There are times in life where good things happen and you barely notice. That might sum up the season so far for the two Sharks defensemen on their most effective pairing: Justin Braun and Marc-Edouard Vlasic.
The Vlasic-Braun pairing is considered by many to be the top defensive pairing for the Sharks. One could question if that title really belongs to Brent Burns and Paul Martin who average more ice time per game and who carry a notably larger salary cap hit. In practice, both pairings have been good (when Martin has been healthy) which has allowed a suspect third pairing to play effectively in fewer and more sheltered minutes.
Coming into this season, Vlasic was a known quantity, a player who had proven reliable and effective, year after year. He carries the second best plus-minus rating from his draft class (behind Sidney Crosby). He is 17th among active players, one of only three in the top 20 that are under age 30.
Vlasic, a low-profile gem of a player, is still largely unknown to most hockey fans (and to ESPN, who proved their hockey ignorance yet again with its ranking of the top 100 players, Vlasic was not among the 19 defensemen included in their list). Those in the know recognize Vlasic as a top tier player. He did get increased visibility during his lock-down performance in the Olympics as a key part of Team Canada’s dominant romp to the gold medal.
Eight games into the season and Vlasic has, once again, managed to avoid spending much time in the highlights. Not a major offensive contributor, Vlasic remains the player the Sharks rely on to keep bad things from happening. In that regard, he has been successful.
Justin Braun is among the teams strongest and fastest skaters. He had a good 2013-14 season and many felt he had turned a corner in his career. However, he followed that good year with a down one, a mistake-prone 2014-15 season. It was unclear which Justin Braun would show up for the 2015-16 season. So far, its been the good Braun.
Getting the Job Done
Through eight games, neither defender has scored a goal. They have five assists between them, scoring roughly on pace with their prior seasons. Where they excel, though, is keeping their own net quiet.
Through eight games, Vlasic and Braun are the only two regular Sharks defensemen to take a higher percentage of face-offs in the defensive zone than in the offensive zone. Yet, despite often beginning play in defensive zone, they have skimpy GA60 of about 1.3 (‘goals against’ per 60 minutes of ice time during 5-on-5 play). In total, they have each been on the ice for a mere three goals against in eight games at even strength. One of the three happened to be the softest goal allowed this season. Though neither creates much offense, they carry an impressive GF60 of over 3.0 to rank first and second among the team’s defensemen (‘goals for’ per 60 minutes of ice time during 5-on-5 play) which just about double the GF60 of the Sharks offensively-minded defenseman Brent Burns.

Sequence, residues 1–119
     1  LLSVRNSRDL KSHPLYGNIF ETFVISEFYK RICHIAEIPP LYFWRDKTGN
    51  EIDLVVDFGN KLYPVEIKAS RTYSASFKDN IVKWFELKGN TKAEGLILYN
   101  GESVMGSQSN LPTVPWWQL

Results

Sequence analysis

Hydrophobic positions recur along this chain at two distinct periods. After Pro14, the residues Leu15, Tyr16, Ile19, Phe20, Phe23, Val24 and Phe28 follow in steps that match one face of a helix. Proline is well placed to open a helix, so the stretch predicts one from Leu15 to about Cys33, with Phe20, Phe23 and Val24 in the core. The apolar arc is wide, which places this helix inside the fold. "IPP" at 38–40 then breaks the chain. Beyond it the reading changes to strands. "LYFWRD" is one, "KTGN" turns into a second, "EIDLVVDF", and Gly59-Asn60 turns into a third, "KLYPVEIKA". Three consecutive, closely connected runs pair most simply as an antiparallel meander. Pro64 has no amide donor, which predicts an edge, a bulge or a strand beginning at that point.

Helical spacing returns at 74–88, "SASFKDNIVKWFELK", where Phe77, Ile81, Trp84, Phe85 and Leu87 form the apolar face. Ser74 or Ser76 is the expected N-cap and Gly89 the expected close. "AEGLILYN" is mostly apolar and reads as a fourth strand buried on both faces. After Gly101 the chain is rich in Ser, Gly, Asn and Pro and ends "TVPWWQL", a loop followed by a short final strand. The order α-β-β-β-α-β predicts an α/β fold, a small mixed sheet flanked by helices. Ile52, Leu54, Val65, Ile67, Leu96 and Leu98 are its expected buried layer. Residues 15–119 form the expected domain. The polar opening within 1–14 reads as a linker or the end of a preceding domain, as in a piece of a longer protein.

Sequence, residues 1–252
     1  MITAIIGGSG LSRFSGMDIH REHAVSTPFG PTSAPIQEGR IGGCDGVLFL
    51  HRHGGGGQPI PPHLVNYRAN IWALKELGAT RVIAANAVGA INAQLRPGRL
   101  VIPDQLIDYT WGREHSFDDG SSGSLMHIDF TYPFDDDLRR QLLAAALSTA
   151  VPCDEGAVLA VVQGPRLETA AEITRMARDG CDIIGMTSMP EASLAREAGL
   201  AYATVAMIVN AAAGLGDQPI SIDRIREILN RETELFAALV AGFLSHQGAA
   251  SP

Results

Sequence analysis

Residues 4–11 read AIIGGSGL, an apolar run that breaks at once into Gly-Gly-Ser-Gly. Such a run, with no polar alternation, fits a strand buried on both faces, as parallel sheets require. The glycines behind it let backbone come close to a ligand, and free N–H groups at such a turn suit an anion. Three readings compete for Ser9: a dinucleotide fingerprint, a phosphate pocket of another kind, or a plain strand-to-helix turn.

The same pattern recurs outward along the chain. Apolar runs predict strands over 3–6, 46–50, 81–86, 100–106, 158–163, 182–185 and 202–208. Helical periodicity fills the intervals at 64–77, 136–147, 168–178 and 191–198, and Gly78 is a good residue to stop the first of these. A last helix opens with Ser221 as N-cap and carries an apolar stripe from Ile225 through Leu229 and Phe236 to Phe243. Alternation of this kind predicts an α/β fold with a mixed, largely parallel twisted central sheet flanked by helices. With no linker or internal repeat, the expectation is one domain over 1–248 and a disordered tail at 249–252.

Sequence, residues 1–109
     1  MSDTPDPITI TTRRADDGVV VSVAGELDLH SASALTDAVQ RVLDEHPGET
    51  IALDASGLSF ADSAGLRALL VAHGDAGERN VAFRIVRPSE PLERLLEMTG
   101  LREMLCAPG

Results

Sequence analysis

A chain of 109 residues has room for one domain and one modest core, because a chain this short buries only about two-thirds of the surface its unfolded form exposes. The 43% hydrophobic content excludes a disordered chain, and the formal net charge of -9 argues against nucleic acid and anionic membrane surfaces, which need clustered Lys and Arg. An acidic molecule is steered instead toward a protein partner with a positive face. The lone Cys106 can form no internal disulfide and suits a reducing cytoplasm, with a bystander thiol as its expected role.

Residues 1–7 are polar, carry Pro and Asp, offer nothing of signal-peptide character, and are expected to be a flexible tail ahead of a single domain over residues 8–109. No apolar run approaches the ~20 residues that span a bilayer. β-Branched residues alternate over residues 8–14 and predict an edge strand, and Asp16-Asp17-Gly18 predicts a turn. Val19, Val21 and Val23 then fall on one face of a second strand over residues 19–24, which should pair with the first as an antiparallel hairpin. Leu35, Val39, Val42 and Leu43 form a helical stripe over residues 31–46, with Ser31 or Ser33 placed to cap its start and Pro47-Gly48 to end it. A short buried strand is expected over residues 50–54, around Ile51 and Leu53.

In short, Vlasic and Braun have done what defensemen are supposed to do. They do not get caught up ice and as a result, rarely face odd man rushes. They keep the puck away from their own net. They force play to the outside in their defensive zone. They win board battles and exit the defensive zone cleanly.
While they contribute only modestly to the scoring, they play effectively in the offensive zone. They work efficiently with the forwards, pushing play below the dots. After eight games, Braun and Vlasic each sport a plus-5 rating. It isn’t so much that lots of good things happen when these two are on the ice, but that bad things are so rare.
The most visible Sharks defenseman is Burns, frequently seen on highlight reel plays. Burns’ partner, Paul Martin is already considered a team MVP candidate, given the night and day difference in the team with and without him on the ice (5-0 with him, 0-3 without). Still, it is the pairing of Vlasic and Braun that quietly plays 35% of the game and tilts the ice a good bit in the Sharks direction. It is a long season. Having a reliable duo that provides the Sharks a distinct advantage should help considerably as the team attempts to return to the postseason.
ZEKE is a native of the DC area where he witnessed the birth of the Capitals franchise. After graduating from Cornell University, which had seen hockey glory before he arrived, he moved west to San Jose. There he witnessed the birth of the Sharks franchise. His wait to witness a Championship from any of these teams finally ended in 2018.